Yesterday, I interviewed Belgian writer Dimitri Verhulst in the Vooruit in Ghent, after the screening of Manu Riche’s recent film adaptation of Verhulst’s 2003 novel Problemski Hotel. Both the novel and the film give a disrupting view on the life in an asylum center. The realistic, raw and hard issues of misery are alternated by moments of absurd humor, which makes reading the novel/watching the film a very unsettling experience, forcing you to reflect on basic human rights and contemporary refugee politics.
This event took place in the framework of a ‘project week’ focusing on diversity in its broadest sense, for first year students political and social sciences at Ghent University. (Last year, I interviewed director Kadir Balci for the same event.)
Advertisement poster for the cinema Capitole in Ghent
Yesterday, we had an excursion with our Ghent University Master students in Film and Television Studies. In the morning, we went to visit the Flemish public broadcaster VRT in Brussels. In the afternoon, we visited the great Film Theaters exhibition at the Caermersklooster in Ghent. The exhibition has two parts: one with beautiful contemporary photographs (by Yves Marchand and Romain Meffre) of USA movie palaces from the first half of the 20th century that are now in decay, and one on the lively film theater culture in Ghent.
We were very lucky to have Lies Van de Vijver as our expert guide!
This ‘Ghent cinema city’ exhibition was made possible by Lies Van de Vijver and Daniel Biltereyst, both from the CIMS research group to which I belong (Centre for Cinema and Media Studies, Ghent University). It shows the long and rich cinema history of Ghent, with more than 70 film theaters and many more fascinating stories – from the fire in the erotic cinema Leopold and the collaboration history of the movie palace Capitole to the story of the very first and trendsetting real multiplex cinema in Europe. Until 3 January 2016, you can visit it in the Caermersklooster, but this great exhibition definitely deserves a permanent place somewhere in Ghent!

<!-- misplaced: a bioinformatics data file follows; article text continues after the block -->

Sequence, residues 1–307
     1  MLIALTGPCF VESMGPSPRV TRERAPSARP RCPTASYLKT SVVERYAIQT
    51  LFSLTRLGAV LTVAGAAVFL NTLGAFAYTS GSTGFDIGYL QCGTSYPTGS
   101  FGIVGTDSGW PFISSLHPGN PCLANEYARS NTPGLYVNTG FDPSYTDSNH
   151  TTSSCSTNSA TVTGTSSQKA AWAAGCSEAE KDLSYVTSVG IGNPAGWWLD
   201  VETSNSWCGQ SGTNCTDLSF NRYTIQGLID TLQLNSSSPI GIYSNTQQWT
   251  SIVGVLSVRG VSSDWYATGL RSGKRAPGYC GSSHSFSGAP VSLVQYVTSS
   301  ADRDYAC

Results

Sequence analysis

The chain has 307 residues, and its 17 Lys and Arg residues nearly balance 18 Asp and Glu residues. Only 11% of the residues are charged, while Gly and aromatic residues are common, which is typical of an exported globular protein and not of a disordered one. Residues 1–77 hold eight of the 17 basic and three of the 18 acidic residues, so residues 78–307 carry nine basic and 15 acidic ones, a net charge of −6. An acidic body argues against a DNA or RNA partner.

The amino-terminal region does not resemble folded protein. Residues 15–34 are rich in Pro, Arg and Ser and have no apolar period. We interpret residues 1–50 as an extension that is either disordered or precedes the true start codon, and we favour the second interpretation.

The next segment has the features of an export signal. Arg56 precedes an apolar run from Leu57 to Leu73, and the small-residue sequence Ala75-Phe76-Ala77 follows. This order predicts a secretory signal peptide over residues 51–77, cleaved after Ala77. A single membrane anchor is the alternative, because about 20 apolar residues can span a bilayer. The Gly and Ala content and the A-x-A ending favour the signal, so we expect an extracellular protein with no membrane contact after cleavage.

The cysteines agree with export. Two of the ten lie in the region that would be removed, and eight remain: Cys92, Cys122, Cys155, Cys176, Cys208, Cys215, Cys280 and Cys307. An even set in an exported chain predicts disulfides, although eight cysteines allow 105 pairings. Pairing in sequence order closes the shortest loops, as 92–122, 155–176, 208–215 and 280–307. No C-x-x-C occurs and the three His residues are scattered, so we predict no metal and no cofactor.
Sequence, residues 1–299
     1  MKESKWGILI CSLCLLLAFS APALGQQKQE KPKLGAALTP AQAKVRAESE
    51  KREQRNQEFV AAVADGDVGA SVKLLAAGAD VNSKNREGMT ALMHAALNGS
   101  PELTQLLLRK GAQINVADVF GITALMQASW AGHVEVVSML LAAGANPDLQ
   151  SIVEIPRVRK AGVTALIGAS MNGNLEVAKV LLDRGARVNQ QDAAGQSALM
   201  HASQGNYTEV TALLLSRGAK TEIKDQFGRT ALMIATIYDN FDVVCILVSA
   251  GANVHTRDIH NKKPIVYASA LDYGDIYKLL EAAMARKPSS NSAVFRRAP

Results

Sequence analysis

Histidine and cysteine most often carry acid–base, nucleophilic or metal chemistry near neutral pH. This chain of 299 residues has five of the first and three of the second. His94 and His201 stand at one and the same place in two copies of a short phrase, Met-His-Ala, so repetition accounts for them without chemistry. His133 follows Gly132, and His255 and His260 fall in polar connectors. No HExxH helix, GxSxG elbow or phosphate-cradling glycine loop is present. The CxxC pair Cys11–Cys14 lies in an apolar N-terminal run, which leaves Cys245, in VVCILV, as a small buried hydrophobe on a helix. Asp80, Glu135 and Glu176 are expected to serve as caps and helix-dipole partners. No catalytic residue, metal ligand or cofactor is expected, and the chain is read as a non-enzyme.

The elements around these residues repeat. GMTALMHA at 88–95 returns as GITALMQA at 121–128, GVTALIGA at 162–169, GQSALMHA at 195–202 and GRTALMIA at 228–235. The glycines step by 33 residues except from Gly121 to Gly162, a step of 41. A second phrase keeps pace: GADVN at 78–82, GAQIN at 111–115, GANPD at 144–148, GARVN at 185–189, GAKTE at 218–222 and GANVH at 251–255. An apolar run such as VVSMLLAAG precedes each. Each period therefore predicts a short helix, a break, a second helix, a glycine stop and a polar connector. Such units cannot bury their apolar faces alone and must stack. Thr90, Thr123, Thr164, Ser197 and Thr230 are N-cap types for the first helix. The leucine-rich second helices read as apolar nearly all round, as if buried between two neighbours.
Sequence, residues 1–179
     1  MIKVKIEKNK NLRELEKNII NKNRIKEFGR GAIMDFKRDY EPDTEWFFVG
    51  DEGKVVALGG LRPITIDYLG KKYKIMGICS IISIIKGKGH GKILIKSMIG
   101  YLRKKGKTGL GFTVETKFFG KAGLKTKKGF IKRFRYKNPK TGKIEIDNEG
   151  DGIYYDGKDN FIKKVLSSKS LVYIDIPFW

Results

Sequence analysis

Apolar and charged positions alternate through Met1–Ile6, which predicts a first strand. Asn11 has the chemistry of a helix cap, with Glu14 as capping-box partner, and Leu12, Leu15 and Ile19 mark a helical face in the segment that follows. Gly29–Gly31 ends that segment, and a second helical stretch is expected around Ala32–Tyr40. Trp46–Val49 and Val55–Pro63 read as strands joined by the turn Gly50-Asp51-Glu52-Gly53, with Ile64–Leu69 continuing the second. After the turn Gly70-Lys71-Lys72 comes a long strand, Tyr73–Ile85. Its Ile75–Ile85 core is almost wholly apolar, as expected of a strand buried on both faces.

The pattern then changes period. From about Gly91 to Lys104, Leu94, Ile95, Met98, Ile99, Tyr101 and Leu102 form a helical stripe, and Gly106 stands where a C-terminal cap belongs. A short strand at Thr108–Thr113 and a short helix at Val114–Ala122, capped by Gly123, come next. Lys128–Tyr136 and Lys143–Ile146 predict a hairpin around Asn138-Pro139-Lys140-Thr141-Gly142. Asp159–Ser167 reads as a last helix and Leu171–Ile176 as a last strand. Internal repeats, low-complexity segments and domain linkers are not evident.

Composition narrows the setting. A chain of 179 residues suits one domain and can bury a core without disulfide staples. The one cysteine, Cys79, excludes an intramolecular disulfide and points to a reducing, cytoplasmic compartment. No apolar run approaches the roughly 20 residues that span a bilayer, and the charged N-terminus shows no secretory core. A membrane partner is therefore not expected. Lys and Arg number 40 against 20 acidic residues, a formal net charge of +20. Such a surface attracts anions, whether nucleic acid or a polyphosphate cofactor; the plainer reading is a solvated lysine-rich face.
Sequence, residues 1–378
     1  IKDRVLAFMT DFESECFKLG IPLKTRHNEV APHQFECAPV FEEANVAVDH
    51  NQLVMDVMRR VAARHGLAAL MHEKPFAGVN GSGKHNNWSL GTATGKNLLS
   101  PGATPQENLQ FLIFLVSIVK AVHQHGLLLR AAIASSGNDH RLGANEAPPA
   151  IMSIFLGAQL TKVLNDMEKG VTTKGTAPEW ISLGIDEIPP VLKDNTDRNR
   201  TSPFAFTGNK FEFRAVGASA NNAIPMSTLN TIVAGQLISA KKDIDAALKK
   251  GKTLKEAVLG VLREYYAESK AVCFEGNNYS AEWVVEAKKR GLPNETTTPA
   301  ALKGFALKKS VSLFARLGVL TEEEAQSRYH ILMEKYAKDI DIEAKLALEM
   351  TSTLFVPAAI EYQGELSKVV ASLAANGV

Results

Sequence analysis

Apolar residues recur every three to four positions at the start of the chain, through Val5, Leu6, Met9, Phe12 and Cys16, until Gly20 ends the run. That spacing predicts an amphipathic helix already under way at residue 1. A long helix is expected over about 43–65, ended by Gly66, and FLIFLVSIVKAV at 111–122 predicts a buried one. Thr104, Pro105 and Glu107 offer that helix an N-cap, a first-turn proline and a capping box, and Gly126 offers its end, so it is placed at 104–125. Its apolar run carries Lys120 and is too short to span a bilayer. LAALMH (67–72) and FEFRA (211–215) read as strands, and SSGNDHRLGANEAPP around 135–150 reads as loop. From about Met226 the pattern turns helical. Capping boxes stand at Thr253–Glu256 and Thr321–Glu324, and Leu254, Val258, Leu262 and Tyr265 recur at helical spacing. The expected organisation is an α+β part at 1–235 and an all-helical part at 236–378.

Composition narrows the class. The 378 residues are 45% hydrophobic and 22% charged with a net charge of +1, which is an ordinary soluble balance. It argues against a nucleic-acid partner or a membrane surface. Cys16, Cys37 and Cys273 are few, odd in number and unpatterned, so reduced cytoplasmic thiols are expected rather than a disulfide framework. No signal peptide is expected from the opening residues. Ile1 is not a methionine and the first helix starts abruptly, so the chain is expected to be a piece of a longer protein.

Cinema Leopold curiosa
Next to the excursion with the Antwerp students to the Film Fest Gent (see the previous post), I also went to the film festival with the students from the Ghent University MA in Film & Television Studies. We visited the annual Film Music Seminar, which focused this year on British film music. In the morning, there was a conversation with composer George Fenton, mainly focusing on his collaboration with directors Richard Attenborough and Ken Loach. Fenton gave interesting look into the practice of film music composing, but the conversation could have been livelier. The afternoon session was more attractive in this respect, with British composers Daniel Pemberton and Craig Armstrong analyzing and contemplating on selected film fragments.
Craig Armstrong in conversation with Martine Huvenne
I also managed to see some more great films at the festival (although I have, of course, also seen some very shitty films), such as László Nemes’ horrifying and staggering holocaust film Son of Saul, or the tragic but at the same time funny and very creative Chilean film El Club by Pablo Larraín, which seemed to me some kind of self-conscious and modern allegory on the life of Jesus. Apart from seeing the films, one of the nicest things of visiting a film festival, however, is to be confronted with large crowds at the entrance of arthouse cinema’s…
Film festival atmosphere at the Sphinx cinema
Since two weeks, I’m working part-time at the Department of Literature at the University of Antwerp. During the autumn semester, I’m teaching a film seminar attached to professor Tom Paulus’ MA course Aesthetics of Contemporary Cinema. The seminar focuses on classic modernist filmmakers such as Robert Bresson, Michelangelo Antonioni, Ingmar Bergman and Andrei Tarkovsky. Each session, I shortly introduce the film that we watch together, after which we have a group discussion about the film’s narrative, stylistic and emotional dimensions. It’s hard to imagine a teaching assignment that I would love better!